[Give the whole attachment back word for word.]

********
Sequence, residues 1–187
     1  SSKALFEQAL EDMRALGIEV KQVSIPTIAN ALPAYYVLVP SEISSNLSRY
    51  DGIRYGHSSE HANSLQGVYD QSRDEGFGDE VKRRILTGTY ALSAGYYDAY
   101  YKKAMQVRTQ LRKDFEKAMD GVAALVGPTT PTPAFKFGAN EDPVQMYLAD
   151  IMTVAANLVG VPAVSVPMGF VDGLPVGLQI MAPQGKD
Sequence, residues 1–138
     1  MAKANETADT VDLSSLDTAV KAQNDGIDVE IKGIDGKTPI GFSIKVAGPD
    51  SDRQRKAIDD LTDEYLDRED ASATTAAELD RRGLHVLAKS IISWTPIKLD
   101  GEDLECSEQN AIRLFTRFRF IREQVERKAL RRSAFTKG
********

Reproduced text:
Sequence, residues 1–187
     1  SSKALFEQAL EDMRALGIEV KQVSIPTIAN ALPAYYVLVP SEISSNLSRY
    51  DGIRYGHSSE HANSLQGVYD QSRDEGFGDE VKRRILTGTY ALSAGYYDAY
   101  YKKAMQVRTQ LRKDFEKAMD GVAALVGPTT PTPAFKFGAN EDPVQMYLAD
   151  IMTVAANLVG VPAVSVPMGF VDGLPVGLQI MAPQGKD
Sequence, residues 1–138
     1  MAKANETADT VDLSSLDTAV KAQNDGIDVE IKGIDGKTPI GFSIKVAGPD
    51  SDRQRKAIDD LTDEYLDRED ASATTAAELD RRGLHVLAKS IISWTPIKLD
   101  GEDLECSEQN AIRLFTRFRF IREQVERKAL RRSAFTKG